I remember my daughter’s Kung Fu master instructing her that “good practice makes perfect.” The same holds true here. Good practice is not 100 things. It may be two, it may be ten. The question comes down to this: how many balls can I juggle? Don’t forget the family provides just as many as the business.
I am living proof that old dogs can learn new tricks, but we all have our own learning curves. We all have those things we don’t get. And we all have those things that come so easily we can’t see why it’s a problem for anyone.
As a huge fan of reaching out and connecting, I’ve learned the first person we need to connect with is ourselves. We need to accept ourselves with grace and move forward. I have two sister beagles and walking them together is near impossible. They know how to get a rise out of each other. They tumble. They wrestle. And moving forward is difficult. Same thing happens if we don’t connect with ourselves.
If you’d ever like someone to share such a post, I’m your gal. 🙂
Deborah is an amazing writer and has the way of drawing me in with her words. I knew her guest post would do the same and it sure did. My readers loved this one! You can check it out here: http://womenwinningonline.com/be-true-to-you/
Both women had different ways of getting to know me and I respected both and see them as friends now. Each relationship took about 2 weeks-30 days to build. Not long at all to build that trust! Talk about a win-win!
On the flip side there are bad guest posting pitches and I have seen my fair share. Typically pitches that are bad are really about the blogger pitching and not the host blogger’s audience. Basically they are self-centered pitches. Or they are pitches where you can tell the person hasn’t done the research at all. They pitch a post that has nothing to do with the host blogger’s audience.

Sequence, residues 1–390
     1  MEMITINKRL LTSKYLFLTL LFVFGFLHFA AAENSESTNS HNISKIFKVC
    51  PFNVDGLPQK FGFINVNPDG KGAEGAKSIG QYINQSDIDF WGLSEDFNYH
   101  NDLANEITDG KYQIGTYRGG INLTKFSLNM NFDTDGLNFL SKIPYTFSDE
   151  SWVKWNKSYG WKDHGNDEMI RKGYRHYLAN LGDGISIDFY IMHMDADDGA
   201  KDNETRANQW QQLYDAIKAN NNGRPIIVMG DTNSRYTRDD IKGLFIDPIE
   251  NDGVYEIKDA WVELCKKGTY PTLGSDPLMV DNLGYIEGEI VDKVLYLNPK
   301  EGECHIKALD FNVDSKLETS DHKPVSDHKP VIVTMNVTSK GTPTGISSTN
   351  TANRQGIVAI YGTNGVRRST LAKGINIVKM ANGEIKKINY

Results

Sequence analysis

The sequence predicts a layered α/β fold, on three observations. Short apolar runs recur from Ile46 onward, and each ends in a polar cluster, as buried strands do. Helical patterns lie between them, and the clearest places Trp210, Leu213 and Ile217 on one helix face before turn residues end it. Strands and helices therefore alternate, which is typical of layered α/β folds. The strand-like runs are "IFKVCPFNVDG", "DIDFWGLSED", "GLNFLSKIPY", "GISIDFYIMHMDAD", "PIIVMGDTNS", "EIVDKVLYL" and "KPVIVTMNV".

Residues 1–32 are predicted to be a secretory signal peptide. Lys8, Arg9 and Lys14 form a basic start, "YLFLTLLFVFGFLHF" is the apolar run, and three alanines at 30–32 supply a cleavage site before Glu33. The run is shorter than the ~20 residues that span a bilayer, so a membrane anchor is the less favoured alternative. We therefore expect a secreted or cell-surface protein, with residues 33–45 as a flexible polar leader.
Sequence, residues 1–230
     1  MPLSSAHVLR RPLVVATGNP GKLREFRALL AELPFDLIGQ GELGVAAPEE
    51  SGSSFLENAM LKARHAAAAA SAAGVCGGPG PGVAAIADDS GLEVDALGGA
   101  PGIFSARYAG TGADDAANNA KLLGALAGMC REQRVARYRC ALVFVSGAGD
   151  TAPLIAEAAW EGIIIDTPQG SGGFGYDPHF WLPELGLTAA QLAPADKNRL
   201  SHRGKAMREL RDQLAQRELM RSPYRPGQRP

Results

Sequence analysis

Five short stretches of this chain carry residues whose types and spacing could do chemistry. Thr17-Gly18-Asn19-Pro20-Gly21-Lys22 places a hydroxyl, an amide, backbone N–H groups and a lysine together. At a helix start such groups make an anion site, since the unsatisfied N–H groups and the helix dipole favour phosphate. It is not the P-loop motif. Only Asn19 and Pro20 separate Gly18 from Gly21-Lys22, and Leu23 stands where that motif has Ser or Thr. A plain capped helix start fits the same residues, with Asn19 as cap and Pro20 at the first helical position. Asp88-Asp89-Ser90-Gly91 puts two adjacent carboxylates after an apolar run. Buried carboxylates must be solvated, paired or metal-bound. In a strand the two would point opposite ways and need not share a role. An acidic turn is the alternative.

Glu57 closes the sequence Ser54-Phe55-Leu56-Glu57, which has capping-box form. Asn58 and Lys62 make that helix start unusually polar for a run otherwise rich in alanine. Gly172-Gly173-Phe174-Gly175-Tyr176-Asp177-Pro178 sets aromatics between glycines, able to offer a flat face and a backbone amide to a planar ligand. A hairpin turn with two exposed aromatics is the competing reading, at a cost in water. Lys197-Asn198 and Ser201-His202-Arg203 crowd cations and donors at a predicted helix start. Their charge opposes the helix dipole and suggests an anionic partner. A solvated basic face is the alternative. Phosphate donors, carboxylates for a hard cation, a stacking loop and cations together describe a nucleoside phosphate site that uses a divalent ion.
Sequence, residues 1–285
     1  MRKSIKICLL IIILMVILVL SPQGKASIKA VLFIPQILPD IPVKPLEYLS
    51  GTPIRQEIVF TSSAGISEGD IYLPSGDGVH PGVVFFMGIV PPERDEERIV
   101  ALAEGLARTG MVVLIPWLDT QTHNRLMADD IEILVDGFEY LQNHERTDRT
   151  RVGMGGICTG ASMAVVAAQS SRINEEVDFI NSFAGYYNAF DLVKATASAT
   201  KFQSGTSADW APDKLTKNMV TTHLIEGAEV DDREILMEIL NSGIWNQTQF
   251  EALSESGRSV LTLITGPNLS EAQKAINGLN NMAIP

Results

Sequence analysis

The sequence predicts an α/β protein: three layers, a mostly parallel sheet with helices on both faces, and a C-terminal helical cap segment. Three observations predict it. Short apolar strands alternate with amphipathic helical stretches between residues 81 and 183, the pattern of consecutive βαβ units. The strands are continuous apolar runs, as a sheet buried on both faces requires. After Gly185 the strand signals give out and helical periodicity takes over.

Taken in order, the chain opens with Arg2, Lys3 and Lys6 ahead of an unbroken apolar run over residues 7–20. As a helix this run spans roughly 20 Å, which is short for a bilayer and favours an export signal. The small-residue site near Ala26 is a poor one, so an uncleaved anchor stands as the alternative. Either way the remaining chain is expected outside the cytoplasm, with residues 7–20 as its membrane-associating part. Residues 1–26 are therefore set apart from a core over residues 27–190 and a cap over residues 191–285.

Here’s an example of a bad pitch I received:
Its Blogger Name and I thought it would be fun to let you know we created an infographic called: 8 Beginning Blogger Mistakes to Avoid
If you are open to it, we would love to publish it on your blog. I could also write you a unique intro to accompany the infographic. 🙂
Either way, I’d love to send it your way. Let me know if you’d like to check it out.
All the best and much success,
Okay so what is wrong with this pitch? A lot! First of all I had no idea who the blogger was. It was a random message from my contact form on my website. Next it was all about her and her infographic. No reason why it would help my audience and nothing indicated that she even knew my audience at all. This pitch turned me off and I did not respond to her.
If you want to increase your chances of getting your guest pitch accepted do the work, do the research, and be professional in your pitch. Get to know the host blogger and be their friend. Not to get something from them, but to build a relationship. Blogging is more fun when we can collaborate and help each other out!
Key Things to Include in a Guest Post Pitch
First make sure the blogger doesn’t have any requirements for guest post submissions. Some of them will ask for specific subject lines or forms to fill out. You want to follow their requirements to a “T” to show you respect them.
Then after that, this is the formula I follow for guest posts:
Subject: Your next guest poster? or Can I guest post for you?
Hi First Name,
Start with a compliment to show them you read their blog and enjoy it.
I am a reader of your blog and have to say I love __________ about it! One post that really stood out for me was ______ and here’s why _________.
One-to-two line opening about the subject I want to write about. If I am writing about email marketing for example I will write about why it’s an important topic.
Here are 3 subjects I would like to write about. I give them three headlines to choose from. The headlines help drive interest I think.
Then I always include 3 writing samples. One about the topic, one personal, and one popular post.
Thank you for your time and I look forward to hearing from you!
This pitch is professional, to the point, and shows that you know what you are talking about. When you write in this way you are showing the influencer that you take your writing or interviews seriously and are good at what you do. A pitch like this is more likely to get accepted which is half the battle when it comes to guest posting and podcasting!